Mayor Ed Lee’s pension measure placed on November ballot 

Voters can reduce The City’s labor costs by about $1 billion over the next decade after Mayor Ed Lee’s compromise proposal to reduce pension costs was placed on the November ballot Tuesday.

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With pension costs projected to total about $5 billion during the next decade, labor leaders and the Board of Supervisors joined together to support Lee’s measure to draw down those expenses.

The board’s 11-0 vote Tuesday to place the measure on the ballot also was accompanied by words designed to persuade Public Defender Jeff Adachi to drop his dueling measure.

“Declare victory,” said Supervisor Sean Elsbernd, publicly addressing Adachi. “You have won. You have pushed the envelope. We are in a great place. Let’s not have a campaign over 5 percent.”

The statement seemingly presented Adachi a graceful way to withdraw his separate proposal by crediting him for his influence over the mayor’s reform measure. 

The city controller released an economic analysis Tuesday of both ballot measures. Under a scenario with pension costs totaling $4.4 billion in the next decade, Adachi’s measure would generate $250 million more in savings than Lee’s.

But Adachi was not backing down Tuesday. He said he hadn’t heard Elsbernd’s message and would later watch the rebroadcast of the meeting, but said the difference in savings remains sufficiently significant. Under a less-rosy cost projection also analyzed by the controller, the difference in savings increased to $336 million.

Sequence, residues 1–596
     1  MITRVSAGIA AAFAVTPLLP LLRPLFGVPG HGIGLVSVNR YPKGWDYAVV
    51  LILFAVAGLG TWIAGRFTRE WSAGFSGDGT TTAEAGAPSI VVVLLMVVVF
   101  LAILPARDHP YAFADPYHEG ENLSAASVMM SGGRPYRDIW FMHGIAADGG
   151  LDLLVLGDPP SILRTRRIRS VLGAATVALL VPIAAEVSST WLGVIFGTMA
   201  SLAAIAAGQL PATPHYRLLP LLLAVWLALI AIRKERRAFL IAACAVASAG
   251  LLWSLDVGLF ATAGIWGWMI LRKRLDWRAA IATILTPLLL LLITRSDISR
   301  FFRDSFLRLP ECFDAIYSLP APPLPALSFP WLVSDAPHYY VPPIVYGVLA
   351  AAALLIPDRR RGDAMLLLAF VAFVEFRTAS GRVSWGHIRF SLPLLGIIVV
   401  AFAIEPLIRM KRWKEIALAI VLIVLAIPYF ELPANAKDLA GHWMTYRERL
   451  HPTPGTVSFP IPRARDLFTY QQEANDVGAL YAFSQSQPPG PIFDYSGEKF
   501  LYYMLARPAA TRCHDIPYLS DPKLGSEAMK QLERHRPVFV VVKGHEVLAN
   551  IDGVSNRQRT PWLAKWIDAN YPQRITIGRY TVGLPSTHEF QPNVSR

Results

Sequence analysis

“They still haven’t figured out where this money is coming from,” Adachi said. “To most San Franciscans, $336 million is a lot of money.”

Supervisor David Campos, perhaps the most progressive member of the board, echoed Elsbernd’s message to Adachi, noting that his effort to rein in pension costs, which began with the unsuccessful Proposition B in 2010, helped shape Lee’s ballot measure.

Elsbernd said the savings difference between the two measures is not worth the “gamble.” Since Adachi’s measure is not supported by labor groups, if it were to pass with more votes than Lee’s, labor would likely sue, putting any savings at risk.

“That’s a gamble that is completely irresponsible to take with the taxpayers’ money,” Elsbernd said.

Lee praised the board for supporting his measure, which was crafted over six months of at times heated talks.

“Our comprehensive consensus reform measure ensures that we have a system that San Francisco can afford,” the mayor said in a statement. “By realizing the savings we need, we can protect vital city services now and in the future.”

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